We have become inured to cycles of credit expansion, driven by fractional reserve banking at least since the Bank Charter Act of 1844, which
Our complacency extends to prices, especially regarding the exchange and valuation of capital assets. There are now about $13 trillion of bonds in issue with negative yields. We rarely think in any depth about this
Negative yields stand time-preference on its head. Time-preference refers to the fact that we prefer current possession to future possession, for obvious reasons. So, when we part with our
It gets even more bizarre. The French government has debts roughly equal to France’s GDP and by any analysis is not a very good credit risk, but it is now being paid by lenders to borrow. Only forty per cent of her economy is the productive tax base for a spendthrift, business-emasculating government. An independent observer evaluating French government debt would be hard put to classify it as investment grade in the proper meaning of the term. But not according to bond markets, and not according to the rating agencies which today’s investors
There are a number of explanations for this madness. Besides complacency and misplaced investor psychology, the most obvious distortion is regulation. Investors, particularly pension funds and insurance companies are forced by their regulators to invest nearly all their funds in
Additionally, with their highly-geared balance sheets state-
In Japan, the country’s government debt to GDP ratio is now over 250%. The Bank of Japan maintains a target rate of minus 0.1%, and the 10-year government bond yield is minus 0.16%, making the yield curve negative even in negative territory. It doesn’t stop there, with the Bank of Japan having bought 5.6 trillion yen ($52bn) of equity ETFs last year. This takes its total equity investment to 29 trillion yen ($271bn), representing 5% of the Tokyo Stock Exchange’s First Section. Last year’s purchases absorbed all foreign selling of Japanese equities, so they were clearly aimed at rigging the equity market, rather than some sort of monetary manoeuvre.
It’s not only the Bank of Japan, but the National Bank of Switzerland has been at it as well. According to its Annual Report and Accounts, at end-2018 it held CHF156bn in equities worldwide ($159bn), being 21% of its foreign reserves. We can see the direction central bank reserve policy is now heading and should not be surprised to see equity purchases become a wide-spread means of rigging stockmarkets and expanding base money.
Sovereign wealth funds, which are government funds that owe their origin to monetary inflation through the foreign exchanges, have invested a cumulative total of nearly $2 trillion dollars in listed equities.[iii] While this is only 2.5% of total market capitalisation of listed securities world-wide, they are a significant element in marginal pricing, more so in some markets than others.
Between them, central banks and sovereign wealth funds that are buying equities in increasing quantities further the scope of quantitative easing. The precedent is now there. Economists in the central banking community now have a basis for drafting erudite neo-Keynesian papers on the subject, giving cover for policy makers to take even more radical steps to pursue their interventions.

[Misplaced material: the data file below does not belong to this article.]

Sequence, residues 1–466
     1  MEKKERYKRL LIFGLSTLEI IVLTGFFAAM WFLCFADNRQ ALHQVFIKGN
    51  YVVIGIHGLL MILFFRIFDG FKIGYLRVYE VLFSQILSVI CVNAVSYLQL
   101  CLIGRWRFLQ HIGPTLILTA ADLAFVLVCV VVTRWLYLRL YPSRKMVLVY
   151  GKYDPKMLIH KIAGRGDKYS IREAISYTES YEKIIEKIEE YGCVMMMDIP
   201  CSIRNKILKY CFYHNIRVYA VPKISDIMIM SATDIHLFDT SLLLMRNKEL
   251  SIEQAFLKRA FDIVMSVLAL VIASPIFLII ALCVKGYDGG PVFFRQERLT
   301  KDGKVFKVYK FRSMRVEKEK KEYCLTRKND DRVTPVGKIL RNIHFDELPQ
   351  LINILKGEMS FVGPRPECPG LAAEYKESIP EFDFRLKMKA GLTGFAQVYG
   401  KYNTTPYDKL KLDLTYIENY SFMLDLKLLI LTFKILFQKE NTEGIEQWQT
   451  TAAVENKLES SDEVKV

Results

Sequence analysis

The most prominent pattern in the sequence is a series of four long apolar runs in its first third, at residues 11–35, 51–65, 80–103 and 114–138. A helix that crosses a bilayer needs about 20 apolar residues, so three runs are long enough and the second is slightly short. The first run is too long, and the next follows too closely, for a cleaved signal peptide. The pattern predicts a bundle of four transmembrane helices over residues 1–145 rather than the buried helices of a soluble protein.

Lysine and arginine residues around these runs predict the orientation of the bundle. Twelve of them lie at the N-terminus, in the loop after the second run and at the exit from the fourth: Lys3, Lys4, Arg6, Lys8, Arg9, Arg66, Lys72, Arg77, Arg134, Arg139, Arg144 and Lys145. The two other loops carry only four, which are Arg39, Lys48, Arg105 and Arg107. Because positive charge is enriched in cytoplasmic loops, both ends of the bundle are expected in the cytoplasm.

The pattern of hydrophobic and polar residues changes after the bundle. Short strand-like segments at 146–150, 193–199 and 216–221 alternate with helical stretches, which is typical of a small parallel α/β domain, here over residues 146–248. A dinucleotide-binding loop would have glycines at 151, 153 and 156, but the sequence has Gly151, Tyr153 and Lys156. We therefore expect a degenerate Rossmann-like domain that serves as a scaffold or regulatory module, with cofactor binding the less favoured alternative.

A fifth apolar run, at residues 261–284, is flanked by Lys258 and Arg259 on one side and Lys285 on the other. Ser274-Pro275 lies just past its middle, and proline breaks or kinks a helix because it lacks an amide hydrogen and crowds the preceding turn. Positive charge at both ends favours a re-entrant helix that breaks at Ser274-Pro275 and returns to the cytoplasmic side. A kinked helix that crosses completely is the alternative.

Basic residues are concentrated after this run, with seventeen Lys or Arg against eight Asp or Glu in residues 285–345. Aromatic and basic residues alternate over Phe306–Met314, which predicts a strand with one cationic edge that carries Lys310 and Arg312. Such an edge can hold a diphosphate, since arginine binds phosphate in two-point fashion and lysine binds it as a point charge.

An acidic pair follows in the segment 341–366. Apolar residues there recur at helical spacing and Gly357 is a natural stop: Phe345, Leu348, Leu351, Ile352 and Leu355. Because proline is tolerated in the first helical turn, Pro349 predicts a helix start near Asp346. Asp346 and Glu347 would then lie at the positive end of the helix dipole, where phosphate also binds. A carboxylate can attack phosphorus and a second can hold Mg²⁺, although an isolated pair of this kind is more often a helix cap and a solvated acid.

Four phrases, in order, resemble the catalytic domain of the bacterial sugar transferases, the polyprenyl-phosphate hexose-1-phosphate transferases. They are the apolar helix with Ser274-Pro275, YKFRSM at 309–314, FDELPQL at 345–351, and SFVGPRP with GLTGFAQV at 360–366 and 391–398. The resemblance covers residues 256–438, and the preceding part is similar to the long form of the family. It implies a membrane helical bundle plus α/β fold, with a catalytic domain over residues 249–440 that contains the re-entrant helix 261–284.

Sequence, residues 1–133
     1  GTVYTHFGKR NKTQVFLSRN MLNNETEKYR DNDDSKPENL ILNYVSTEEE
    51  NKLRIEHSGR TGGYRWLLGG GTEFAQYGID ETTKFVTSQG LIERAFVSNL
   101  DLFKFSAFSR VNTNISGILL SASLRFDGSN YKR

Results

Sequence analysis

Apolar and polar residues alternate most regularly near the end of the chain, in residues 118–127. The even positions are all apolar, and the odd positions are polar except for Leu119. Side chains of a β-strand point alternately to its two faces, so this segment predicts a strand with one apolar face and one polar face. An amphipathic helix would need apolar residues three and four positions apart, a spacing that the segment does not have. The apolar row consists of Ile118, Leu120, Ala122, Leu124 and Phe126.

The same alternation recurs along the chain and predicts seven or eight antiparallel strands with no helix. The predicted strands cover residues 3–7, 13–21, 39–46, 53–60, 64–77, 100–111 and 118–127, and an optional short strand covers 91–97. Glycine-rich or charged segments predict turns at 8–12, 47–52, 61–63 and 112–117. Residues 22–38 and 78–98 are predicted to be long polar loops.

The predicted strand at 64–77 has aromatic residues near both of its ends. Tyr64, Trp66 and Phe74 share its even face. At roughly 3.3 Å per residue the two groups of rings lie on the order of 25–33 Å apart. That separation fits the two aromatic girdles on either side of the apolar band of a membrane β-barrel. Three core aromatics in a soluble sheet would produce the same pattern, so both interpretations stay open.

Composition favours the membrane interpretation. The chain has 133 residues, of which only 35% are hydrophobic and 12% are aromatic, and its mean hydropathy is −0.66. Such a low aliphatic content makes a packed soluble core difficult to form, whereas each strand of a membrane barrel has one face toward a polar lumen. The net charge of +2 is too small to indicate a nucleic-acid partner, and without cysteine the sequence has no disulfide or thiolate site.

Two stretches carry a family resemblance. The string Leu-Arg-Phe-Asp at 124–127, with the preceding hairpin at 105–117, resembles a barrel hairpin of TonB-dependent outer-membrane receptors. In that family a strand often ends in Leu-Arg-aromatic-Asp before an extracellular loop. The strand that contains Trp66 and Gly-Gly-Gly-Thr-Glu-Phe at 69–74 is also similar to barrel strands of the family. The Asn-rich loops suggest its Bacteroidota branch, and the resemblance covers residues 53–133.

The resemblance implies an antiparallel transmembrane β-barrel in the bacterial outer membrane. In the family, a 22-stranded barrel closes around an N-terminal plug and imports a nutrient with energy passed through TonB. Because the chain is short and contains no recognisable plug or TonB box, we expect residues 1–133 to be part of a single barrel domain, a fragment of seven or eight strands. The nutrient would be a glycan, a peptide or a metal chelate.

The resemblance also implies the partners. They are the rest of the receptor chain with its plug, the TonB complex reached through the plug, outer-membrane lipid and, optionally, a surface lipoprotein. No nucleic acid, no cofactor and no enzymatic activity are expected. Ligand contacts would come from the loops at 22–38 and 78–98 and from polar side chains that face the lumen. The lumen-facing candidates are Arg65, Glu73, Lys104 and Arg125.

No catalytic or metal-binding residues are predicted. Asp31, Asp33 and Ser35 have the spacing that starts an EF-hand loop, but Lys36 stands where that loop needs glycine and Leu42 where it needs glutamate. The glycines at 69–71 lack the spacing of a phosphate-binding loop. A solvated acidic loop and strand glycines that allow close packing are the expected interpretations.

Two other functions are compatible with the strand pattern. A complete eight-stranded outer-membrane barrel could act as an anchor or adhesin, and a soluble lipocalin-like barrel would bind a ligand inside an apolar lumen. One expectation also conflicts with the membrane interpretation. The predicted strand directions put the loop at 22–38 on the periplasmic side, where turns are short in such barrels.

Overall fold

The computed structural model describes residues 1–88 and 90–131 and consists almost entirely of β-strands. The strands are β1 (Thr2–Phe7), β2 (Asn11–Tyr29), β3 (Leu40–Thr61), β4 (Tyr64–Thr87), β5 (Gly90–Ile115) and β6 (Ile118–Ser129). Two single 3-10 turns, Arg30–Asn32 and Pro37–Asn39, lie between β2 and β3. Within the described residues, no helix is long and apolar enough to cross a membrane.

By all these methods, state control of regulated public and private sector funds coupled with the expansion of bank credit has cheapened government borrowing, and it would appear that governments are now enabled to issue limitless quantities of zero or negative-yielding debt. So long as enough money and credit is fed into one end of the sausage machine, it emerges as costless finance from the other. Never mind the destruction wreaked on key private sector investors, such as pension funds, whose actuarial deficits are already in crisis: that is a problem for later. Never mind the destruction of insurance fund finances, where premiums are normally supplemented by healthy bond portfolio returns. Just blame the insurance companies for charging higher premiums.
This is now the key question: are we entering a new phase of low-inflation managed capitalism, or are we tipping into a mega-crisis, possibly systemically destructive?
If the latter, there’s a lot to go horribly wrong. The Bank for International Settlements, the central banks’ central bank, is certainly worried. Only this week, it released its annual economic report, in which it said, “monetary policy can no longer be the main engine for economic growth.” Clearly whistling to keep our spirits up, it calls for structural reforms to boost government spending on infrastructure. Translated, the BIS is saying little more can be achieved by easing monetary policy, so Presidents and Prime Ministers, it’s over to you. You can create savings by making government more efficient and you can spend more on infrastructure.
While the BIS washes it hands of the problem, history and reason tell us increased state involvement in economic outcomes will only make things worse. It is in the nature of government bureaucracy to be economically wasteful, because its primary purpose is not the efficient use of capital resources. And while the outcome, be it a new high-speed railway or a bridge to nowhere may be a visible result, it fails to account for the true cost to the economy of diverting economic resources from what is actually demanded.
- Source, James Turks Goldmoney